More people are gradually switching to a gluten-free diet around the world and reporting an overall healthy feeling upon cutting off gluten foods from their diet. There have also been numerous hypotheses linking gluten to various health issues in humans (even without celiac disease or gluten sensitivity), and this is, arguably, the major force behind this sudden interest in a gluten-free lifestyle. But going totally gluten-free is a bold step with a steep learning curve that most people simply can’t handle. The following tips should help you understand what avoiding gluten is all about.
What Is Gluten?
Gluten is a glue-like composite substance that is responsible for the stickiness in dough. It is the reason why dough is able to rise when you bake. Most people think only wheat has gluten, but the experts from MedAlertHelp lists a few other foods and grains, including rye, barley, oat, and triticale.
Why Avoid Gluten?
Unfortunately, gluten is also responsible for causing various health issues in the gut and skin of about 1% of the world’s population. One of the two proteins that make up gluten – gliadin triggers antibodies in the blood to fight against it. However, gliadin also resembles the cells lining of the gut hence the antibodies attack your intestines as well. This autoimmune reaction is referred to as celiac disease and is treatable by a gluten-free diet.
There are individuals who don’t have celiac disease but still exhibit an adverse reaction to gluten and are said to have non-celiac gluten sensitivity or simply gluten sensitivity. They too have to avoid foods containing gluten.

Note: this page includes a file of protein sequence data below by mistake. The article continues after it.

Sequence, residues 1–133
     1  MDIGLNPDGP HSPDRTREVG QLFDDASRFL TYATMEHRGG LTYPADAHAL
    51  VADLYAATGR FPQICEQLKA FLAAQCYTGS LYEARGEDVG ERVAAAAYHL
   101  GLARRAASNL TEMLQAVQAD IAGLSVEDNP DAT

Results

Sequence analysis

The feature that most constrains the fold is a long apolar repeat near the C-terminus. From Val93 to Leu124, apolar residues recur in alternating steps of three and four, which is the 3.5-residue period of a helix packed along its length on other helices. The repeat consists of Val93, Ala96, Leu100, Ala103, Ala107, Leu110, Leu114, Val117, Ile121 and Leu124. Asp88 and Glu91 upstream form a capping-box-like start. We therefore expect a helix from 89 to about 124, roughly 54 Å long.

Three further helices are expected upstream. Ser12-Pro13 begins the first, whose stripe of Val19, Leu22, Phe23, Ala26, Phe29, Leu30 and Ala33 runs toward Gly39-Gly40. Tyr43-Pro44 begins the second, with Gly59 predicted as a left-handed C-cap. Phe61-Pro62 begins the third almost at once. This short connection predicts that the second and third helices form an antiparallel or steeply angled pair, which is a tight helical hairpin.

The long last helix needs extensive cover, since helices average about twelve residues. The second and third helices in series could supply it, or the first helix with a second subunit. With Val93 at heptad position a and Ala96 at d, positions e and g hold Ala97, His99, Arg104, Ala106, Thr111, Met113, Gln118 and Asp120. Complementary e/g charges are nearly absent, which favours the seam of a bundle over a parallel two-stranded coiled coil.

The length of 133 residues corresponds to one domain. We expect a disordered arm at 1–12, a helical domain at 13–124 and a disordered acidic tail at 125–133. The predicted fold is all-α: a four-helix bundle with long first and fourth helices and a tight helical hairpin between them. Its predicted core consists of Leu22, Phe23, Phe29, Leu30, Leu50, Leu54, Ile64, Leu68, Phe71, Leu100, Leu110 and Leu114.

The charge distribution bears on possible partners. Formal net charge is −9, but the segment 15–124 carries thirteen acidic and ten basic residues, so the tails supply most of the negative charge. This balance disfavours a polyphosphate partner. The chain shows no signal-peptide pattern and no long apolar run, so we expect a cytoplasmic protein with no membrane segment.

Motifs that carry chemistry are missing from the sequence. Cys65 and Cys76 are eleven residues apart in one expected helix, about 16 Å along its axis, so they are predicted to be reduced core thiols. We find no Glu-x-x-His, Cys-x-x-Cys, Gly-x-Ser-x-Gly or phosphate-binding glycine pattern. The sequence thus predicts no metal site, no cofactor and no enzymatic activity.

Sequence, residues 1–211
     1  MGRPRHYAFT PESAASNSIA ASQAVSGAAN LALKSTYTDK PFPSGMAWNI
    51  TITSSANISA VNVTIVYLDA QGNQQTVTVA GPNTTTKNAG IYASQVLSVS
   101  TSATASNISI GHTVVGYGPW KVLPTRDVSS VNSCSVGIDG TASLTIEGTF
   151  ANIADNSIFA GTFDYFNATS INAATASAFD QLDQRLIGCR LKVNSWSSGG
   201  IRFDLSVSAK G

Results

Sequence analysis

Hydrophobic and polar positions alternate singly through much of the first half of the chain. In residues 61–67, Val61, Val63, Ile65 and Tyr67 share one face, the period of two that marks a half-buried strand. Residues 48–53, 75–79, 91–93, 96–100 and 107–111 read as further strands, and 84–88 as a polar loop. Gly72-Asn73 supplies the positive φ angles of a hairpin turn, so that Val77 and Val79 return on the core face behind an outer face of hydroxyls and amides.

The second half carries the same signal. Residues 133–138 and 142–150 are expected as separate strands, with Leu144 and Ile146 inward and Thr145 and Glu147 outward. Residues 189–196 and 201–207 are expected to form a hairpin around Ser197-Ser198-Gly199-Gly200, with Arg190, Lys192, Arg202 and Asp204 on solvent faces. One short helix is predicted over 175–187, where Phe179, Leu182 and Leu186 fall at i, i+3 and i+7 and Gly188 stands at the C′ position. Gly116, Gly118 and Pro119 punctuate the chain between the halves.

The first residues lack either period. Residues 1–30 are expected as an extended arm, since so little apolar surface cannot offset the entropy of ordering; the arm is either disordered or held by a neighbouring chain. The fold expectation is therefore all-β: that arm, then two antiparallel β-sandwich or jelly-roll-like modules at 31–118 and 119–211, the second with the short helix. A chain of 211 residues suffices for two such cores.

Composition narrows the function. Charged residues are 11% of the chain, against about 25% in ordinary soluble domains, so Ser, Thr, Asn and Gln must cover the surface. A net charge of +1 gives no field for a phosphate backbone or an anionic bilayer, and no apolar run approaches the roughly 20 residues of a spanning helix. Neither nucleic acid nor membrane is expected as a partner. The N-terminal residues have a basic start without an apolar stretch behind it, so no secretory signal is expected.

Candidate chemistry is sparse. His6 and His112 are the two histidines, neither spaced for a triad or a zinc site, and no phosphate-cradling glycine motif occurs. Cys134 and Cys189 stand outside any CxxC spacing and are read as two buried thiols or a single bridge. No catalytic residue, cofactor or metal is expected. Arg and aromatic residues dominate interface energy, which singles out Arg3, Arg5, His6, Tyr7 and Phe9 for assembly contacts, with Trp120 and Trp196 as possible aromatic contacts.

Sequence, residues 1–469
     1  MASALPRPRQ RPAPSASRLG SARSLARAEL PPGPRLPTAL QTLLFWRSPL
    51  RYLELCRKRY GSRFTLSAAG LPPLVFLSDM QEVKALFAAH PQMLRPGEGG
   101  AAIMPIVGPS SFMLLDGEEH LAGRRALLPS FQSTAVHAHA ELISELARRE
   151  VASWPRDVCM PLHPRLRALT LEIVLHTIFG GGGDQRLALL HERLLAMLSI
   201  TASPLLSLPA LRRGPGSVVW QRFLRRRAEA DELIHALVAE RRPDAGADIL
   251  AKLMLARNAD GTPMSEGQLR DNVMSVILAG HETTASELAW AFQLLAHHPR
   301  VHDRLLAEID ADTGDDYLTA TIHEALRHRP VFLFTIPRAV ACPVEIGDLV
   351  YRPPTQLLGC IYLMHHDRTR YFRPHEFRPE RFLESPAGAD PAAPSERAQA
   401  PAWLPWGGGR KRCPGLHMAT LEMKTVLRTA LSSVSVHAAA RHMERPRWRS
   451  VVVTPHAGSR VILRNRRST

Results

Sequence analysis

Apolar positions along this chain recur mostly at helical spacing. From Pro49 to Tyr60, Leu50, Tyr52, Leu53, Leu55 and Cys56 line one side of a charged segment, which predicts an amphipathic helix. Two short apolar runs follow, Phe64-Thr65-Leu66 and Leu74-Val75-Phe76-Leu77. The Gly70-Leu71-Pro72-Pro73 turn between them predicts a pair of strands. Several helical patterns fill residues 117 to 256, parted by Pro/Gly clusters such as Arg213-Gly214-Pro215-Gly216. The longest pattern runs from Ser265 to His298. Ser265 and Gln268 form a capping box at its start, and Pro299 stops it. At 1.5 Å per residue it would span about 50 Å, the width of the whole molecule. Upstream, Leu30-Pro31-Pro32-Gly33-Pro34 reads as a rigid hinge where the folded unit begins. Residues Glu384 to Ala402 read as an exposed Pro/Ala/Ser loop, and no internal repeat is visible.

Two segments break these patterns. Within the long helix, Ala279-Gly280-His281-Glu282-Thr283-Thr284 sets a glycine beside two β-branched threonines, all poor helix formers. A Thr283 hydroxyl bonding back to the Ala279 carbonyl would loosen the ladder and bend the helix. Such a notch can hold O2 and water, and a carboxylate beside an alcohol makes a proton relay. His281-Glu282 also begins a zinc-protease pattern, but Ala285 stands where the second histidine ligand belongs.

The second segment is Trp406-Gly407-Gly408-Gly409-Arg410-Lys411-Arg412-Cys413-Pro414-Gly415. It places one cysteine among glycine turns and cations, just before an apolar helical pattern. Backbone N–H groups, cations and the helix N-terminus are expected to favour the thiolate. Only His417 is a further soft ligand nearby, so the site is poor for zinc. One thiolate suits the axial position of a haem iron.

Then there are some who simply prefer not to have gluten in their foods even though there is no imminent health risk. And it is easy to see why considering the fact that gluten has been linked to the unhealthy gut, mental illnesses such as dementia and Alzheimer’s, and brain fog. Many people also give up gluten for weight loss.
Which Foods Are Gluten-Free?
Obviously, anything with the grains mentioned above will have a considerable amount of gluten as well. If you are preparing your own meal, that should not be a problem. When purchasing processed foods, however, you just have to learn to read the label and check the ingredients. Some packaged foods will let you know on the packaging that they are gluten-free while for others you’ll have to read the ingredients.
Remember, not all grains have gluten – like rice, corn, beans, sorghum, millet, and buckwheat, for example. Other naturally gluten-free foods include fruits, meat, vegetables, nuts and seeds, and plain dairy products.
Is It Possible to Eat out Gluten-Free?
Of course, it is possible to go to a restaurant and order for gluten-free foods. The hotel industry is evolving rapidly to accommodate allergies and different food lifestyles such as gluten-free and paleo. Even if they don’t have a dedicated section for gluten-free on the menu, there are obvious options such as rotisserie chicken that you know won’t contain gluten.
Don’t be afraid to ask lots of questions – like the ingredients used in a meal or a dressing, whether the fries are dipped in the same oil as chicken fingers, and so on. Just be sure to ask nicely. Whenever you are eating out with friends, and you’re in doubt, you could just bring your own food.
Gluten Free Life Infographic